Snap Was Better for the Bears the Past Six Months
BTIG analyst Richard Greenfield first initiated coverage on Snap Inc (NYSE:SNAP) over half a year ago, and in these six months, the man who surveyed the popular Snapchat app parent company from the sidelines has seen shares wind down 28%. The verdict here? To not have been bearish on Snap from the start was off-target.
“Why we have been wrong on Snapchat,” Greenfield asserts, cheekily noting: “#wearesorry.” Though the analyst is not budging from his rating, he is taking estimates down “materially” after six months of witnessing the social media platform underclass expectations, with a big finger pointed at international daily active users.
As such, the analyst reiterates a Neutral rating on SNAP stock without listing a price target. (To watch Greenfield’s track record, click here)
Greenfield explains, “With so little monetization history under its belt, the lack of clarity around the impact of competitive products (meaning Facebook/Instagram) and no clarity on the product innovation timetable, we believe a Neutral rating is warranted at current levels.”
In fact, this is “not a DAU/engagement issue,” as the analyst writes: “With the stock down 28% in the past six months since our initiation at Neutral, we were wrong to not have a SELL rating. […] Snapchat usage is not the problem, with the company exceeding our user growth expectations domestically (overseas DAUs are insignificantly underperforming our expectations).”
Most of Wall Street is in a toss-up on this popular tech stock, as TipRanks analytics showcase SNAP as a Hold. Out of 27 analysts polled by TipRanks in the last 3 months, 8 are bullish on Snap stock, 14 remain sidelined, and 5 are bearish on the stock. With a loss potential of 6%, the stock’s consensus target price stands at $15.07.
Tesla Has No Equal- Least of All in China
Good luck to Chinese brands who believe they stand to compete with Tesla Inc (NASDAQ:TSLA), says Piper Jaffray analyst Alexander Potter, who on the heels of meeting with an electric vehicle (EV) trade group this week in Beijing, China sees “little to fear” for the electric gar giant’s investors.
Taking under account the competitive sphere of EVs, as far as Potter is concerned, Chinese vehicles simply are not up to par on the playing field of Tesla’s stellar legacy of branding and performance: “Anyone who has taken a ride in a Chinese EV will tell you that, like most other Chinese sedans, these vehicles just aren’t compelling consumer products.” In other words, “nobody (least of all Chinese OEMs) can compete with Tesla,” argues the analyst, a true-blue Tesla bull.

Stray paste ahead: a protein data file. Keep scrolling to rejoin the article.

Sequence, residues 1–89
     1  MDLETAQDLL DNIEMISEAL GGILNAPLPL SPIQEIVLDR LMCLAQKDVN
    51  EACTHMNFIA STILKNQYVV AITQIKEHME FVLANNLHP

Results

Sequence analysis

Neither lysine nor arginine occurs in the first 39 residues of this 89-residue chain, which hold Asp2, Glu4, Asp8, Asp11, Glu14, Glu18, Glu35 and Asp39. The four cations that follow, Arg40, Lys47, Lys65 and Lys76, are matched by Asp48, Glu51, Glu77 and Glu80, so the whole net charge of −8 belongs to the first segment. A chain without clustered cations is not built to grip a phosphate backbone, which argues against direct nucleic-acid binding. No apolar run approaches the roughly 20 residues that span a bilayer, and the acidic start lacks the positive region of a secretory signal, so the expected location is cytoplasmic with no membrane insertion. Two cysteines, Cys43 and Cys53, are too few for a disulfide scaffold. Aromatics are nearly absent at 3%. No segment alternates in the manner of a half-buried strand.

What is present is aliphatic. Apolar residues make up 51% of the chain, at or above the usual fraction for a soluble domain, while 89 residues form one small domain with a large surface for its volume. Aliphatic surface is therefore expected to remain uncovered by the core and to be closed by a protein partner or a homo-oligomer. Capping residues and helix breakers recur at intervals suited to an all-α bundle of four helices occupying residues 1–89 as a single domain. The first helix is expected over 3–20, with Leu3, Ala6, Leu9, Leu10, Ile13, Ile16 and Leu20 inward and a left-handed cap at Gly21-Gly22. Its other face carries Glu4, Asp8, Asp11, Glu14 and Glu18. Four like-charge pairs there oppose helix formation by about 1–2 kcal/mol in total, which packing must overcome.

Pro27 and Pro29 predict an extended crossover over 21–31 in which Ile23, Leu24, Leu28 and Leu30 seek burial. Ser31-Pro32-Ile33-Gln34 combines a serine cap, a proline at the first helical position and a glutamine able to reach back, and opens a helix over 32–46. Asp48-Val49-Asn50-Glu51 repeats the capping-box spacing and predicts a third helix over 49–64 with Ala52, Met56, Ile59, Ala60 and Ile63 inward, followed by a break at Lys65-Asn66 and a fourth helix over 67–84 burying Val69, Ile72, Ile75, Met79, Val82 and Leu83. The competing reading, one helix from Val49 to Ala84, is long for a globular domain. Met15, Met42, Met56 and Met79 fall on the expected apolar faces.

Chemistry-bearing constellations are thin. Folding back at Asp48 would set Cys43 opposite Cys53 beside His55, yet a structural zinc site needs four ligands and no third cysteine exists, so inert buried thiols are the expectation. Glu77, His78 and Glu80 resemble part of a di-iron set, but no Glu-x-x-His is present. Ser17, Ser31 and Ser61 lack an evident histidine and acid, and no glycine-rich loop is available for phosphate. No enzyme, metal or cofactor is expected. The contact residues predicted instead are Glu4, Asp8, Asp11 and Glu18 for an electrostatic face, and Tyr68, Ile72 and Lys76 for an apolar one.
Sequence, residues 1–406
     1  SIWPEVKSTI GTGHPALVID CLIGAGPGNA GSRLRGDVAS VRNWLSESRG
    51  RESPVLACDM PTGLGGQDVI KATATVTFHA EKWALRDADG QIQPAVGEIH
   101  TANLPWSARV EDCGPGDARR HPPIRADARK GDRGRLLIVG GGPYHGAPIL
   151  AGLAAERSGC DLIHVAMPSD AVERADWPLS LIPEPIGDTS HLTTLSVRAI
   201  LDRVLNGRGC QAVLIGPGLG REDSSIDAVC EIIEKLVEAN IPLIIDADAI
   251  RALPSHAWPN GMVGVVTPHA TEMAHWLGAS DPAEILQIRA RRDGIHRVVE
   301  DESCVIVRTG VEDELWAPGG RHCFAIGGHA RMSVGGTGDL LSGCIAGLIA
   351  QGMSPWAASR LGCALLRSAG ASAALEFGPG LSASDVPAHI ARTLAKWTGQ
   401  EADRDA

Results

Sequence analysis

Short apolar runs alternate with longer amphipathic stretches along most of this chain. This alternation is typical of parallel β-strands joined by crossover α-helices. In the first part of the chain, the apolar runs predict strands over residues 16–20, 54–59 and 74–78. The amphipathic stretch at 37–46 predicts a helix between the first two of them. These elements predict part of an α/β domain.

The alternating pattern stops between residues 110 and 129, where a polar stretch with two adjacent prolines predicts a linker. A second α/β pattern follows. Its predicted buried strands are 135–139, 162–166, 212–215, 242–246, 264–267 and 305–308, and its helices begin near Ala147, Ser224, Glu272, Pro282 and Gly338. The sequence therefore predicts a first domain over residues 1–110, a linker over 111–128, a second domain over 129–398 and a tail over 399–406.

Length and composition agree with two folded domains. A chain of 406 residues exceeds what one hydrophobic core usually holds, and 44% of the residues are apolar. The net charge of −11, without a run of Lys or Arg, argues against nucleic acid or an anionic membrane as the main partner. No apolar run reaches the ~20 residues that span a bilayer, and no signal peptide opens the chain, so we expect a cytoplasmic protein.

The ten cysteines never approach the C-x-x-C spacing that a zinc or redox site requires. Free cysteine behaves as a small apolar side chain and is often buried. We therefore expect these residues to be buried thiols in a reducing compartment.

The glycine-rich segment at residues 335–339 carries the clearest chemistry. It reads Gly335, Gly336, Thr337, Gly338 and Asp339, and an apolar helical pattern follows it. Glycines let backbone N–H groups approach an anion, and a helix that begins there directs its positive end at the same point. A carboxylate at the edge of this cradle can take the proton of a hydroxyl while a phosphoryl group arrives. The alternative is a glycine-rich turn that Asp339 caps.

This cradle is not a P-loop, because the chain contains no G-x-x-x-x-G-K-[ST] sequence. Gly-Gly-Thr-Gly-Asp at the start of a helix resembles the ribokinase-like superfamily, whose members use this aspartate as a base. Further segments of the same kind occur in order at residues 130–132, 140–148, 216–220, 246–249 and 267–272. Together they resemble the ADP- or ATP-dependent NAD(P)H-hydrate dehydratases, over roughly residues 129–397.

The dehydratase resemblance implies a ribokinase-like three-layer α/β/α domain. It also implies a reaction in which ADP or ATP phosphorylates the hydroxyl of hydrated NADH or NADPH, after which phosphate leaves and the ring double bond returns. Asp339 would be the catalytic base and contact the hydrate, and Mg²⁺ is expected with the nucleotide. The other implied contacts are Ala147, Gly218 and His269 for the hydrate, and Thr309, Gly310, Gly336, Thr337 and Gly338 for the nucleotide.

Following the EV trade group meeting, the analyst maintains an Overweight rating on TSLA stock with a price target of $386, which implies a just under 9% increase from where the shares last closed.
Potter asserts, “Branding and performance are just as important, and in this regard, we think nobody (least of all Chinese OEMs) can compete with TSLA.”
Two years from now, China has plans to rev up an electric vehicle quota system, where mighty auto makers will have to buy EV credits for 10% of total deliveries in 2019, stepping up to 12% by the year 2020. The objective will be to sell 7 million new EVs within the next 8 years. The analyst notes, “Companies that fail to achieve the quotas will be able to buy credits from companies that exceed the quotas.”
Ultimately, “We think Tesla is still the only EV company that can compete without policy support. It would be naïve to claim that TSLA doesn’t benefit from pro-EV policies,” contends Potter, who makes a point to mention Beijing as an example where “purchase restrictions make it all but impossible to buy internal combustion cars.”
For this reason, CEO Elon Musk’s brainchild that produce zero-emission vehicles have experienced such a snowball effect. Taking this policy support off the table will not “doom” Tesla’s prospects down the road, yet other EV producers are not in the same solid standing in this sphere.
“It’s true that more capable competitors will enter the fray in the coming years – and time will tell if their EVs can inspire consumer demand – but with Tesla, we think this is a non-issue,” surmises Potter, unfazed on Tesla’s promising future ahead.
Not everyone on the Street trumpets such a bullish forecast on this electric giant as does Potter, considering TipRanks analytics exhibit TSLA as a Hold. Based on 21 analysts polled by TipRanks in the last 3 months, 6 rate a Buy on Tesla stock, 7 maintain a Hold, while 8 issue a Sell on the stock. The 12-month average price target stands at $324.07, marking a nearly 9% downside from where the stock is currently trading.